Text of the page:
To celebrate London Design Festival 2020, Heal’s is showcasing a collection of artists that each used lockdown to create fresh and innovative artwork. One such artist is Elizabeth Power. We sat down with Elizabeth to find out more about her process and how lockdown shifted her approach to art. Read on to discover more about her bold, colourful artwork.
Hi Elizabeth, it’s great to be showcasing your work for LDF 2020. Could you tell us a little bit about yourself?
I’m a painter now based in Hastings, inspired by the likes of Matisse and Pierre Bonnard. I worked in the art industry for a decade but have been a full-time artist for a few years now and absolutely love it! I’ve been featured by the likes of The Royal Academy of Arts, British Vogue, itsu and Artsy. I’ve also exhibited with the Hancock and Delphian galleries, among others.
Vibrant hues and thick, visible brush strokes are common features throughout your work. What draws you to paint as a medium and such bright colours?
I love the tradition of painting, how each artist’s hand creates unique brush strokes and individuality. I love being able to see the texture of paint on a canvas. It looks almost edible and is what makes it so very different as a medium to printing or photography. Personally, I paint in quite an abstract manner using a vivid colour palette. That’s because I want to transform a scene into something completely unique, full of light and positivity. Even if my reference point is a wet, windy day in Hastings I’ll make it look like the French Riviera as that’s what I want to see! I’ve never been into photo realism as a painting style. I don’t really see the point; I’d just take a decent photo! If painting is to stay relevant in this day and age, we need to be inventive and playful with it.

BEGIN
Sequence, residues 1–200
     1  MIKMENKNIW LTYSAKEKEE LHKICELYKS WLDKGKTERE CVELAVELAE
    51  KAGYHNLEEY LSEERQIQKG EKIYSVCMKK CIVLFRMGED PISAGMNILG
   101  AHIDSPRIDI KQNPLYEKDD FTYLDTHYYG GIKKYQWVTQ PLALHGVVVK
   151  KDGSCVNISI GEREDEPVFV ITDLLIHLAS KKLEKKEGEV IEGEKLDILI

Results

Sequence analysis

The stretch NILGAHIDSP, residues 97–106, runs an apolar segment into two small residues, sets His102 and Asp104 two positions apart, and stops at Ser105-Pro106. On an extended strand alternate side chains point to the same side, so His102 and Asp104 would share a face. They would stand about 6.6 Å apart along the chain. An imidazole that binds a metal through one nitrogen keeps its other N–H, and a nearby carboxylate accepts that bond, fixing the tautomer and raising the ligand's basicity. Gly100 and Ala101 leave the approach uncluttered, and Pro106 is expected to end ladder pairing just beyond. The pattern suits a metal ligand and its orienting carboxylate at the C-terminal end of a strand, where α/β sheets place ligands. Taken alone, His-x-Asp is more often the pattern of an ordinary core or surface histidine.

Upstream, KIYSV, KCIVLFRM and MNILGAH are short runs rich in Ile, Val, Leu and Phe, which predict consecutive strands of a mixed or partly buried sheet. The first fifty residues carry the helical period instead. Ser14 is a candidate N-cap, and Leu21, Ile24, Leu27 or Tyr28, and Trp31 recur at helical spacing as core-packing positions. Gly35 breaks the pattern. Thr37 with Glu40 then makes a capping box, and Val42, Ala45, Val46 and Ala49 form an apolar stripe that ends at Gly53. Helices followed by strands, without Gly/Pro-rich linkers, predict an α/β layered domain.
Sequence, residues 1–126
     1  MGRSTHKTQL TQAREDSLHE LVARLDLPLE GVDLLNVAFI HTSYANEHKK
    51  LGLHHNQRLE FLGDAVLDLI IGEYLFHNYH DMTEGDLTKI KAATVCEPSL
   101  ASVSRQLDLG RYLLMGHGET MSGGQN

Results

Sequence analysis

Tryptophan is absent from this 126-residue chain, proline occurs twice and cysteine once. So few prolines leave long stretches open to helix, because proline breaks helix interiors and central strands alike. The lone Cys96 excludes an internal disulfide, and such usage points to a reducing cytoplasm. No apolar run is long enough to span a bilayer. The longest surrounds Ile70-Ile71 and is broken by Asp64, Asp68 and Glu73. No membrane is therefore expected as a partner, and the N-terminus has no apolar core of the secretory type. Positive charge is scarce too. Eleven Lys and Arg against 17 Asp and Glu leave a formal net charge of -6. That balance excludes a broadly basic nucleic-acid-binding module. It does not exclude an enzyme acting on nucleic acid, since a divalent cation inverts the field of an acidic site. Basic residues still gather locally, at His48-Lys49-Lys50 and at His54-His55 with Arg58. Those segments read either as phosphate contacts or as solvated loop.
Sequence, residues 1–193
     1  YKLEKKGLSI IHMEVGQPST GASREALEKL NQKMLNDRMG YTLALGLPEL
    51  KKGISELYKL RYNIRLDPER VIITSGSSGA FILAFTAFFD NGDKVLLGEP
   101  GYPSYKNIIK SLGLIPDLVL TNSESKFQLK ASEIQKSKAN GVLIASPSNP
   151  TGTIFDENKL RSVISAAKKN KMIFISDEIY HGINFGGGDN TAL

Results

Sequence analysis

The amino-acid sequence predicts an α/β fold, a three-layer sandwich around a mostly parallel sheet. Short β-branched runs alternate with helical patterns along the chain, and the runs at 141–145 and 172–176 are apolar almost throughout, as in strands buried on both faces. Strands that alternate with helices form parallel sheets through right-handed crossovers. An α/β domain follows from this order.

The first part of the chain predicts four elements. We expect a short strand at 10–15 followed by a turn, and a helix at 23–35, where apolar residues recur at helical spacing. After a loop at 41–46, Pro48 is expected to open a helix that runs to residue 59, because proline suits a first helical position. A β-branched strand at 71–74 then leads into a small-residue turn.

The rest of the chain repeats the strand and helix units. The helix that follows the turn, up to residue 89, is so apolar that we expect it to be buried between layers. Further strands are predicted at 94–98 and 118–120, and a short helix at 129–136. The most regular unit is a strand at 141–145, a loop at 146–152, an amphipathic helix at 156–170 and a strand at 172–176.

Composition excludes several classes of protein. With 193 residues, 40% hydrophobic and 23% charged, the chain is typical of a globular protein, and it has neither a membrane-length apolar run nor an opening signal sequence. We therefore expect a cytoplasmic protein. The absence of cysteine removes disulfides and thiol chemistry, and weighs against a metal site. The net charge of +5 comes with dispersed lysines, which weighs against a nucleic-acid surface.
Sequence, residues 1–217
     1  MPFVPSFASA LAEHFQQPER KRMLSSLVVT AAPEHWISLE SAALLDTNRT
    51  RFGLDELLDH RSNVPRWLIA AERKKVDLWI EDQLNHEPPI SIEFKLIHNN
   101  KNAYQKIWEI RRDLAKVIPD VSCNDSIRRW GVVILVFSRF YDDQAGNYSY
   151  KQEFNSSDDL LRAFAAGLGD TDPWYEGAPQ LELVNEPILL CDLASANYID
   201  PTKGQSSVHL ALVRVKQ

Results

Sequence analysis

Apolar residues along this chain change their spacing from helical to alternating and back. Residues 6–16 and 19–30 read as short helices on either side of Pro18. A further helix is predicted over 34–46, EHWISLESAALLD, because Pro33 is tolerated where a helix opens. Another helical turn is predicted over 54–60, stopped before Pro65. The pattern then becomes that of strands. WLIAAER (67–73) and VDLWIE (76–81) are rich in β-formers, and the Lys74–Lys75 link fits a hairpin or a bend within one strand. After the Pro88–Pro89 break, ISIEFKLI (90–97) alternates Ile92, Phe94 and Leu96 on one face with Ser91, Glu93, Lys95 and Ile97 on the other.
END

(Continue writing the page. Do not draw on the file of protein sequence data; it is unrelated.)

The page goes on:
Can you tell us about the process of making your work?
I normally start by painting the canvas with a yellow or pink wash. Then I’ll do a loose drawing of the painting using either pencil or tape to mark out sections. Then I build up the image, a colour at a time normally. I work in acrylics rather than oil so I can work quickly. I find my eye is much more accurate if I paint quicker. It stops me putting in too much detail and keep the works quite loose and abstract.
Lockdown has been a period of adjustment for many artists and designers, how did it change your approach to art?
It made me work on a smaller scale. Usually I paint quite large canvases, but I had to adapt using different brushes to produce smaller works. I even used paper as a medium, which is something I don’t tend to do normally. I wanted to make works available as part of the brilliant #artistsupportpledge initiative on Instagram to help artists during lockdown. For this, I had to adapt my scale, which was a good thing to try!
Do you envisage yourself continuing any of these new techniques/approaches forward once COVID-19 is less of a driving force?
Yes! I will continue to work in a mixture of sizes to make my work available to a much wider audience. I also made more prints of my paintings during lockdown which I will do more of in the future too.
What has been the highlight of your career so far?
Definitely exhibiting at The Royal Academy of Arts Summer Exhibition in 2018. Posters and cards were also made of my work and available in their gift shop which was a surreal experience! And I can say I’ve exhibited with the likes of David Hockney and Tracey Emin which is pretty cool.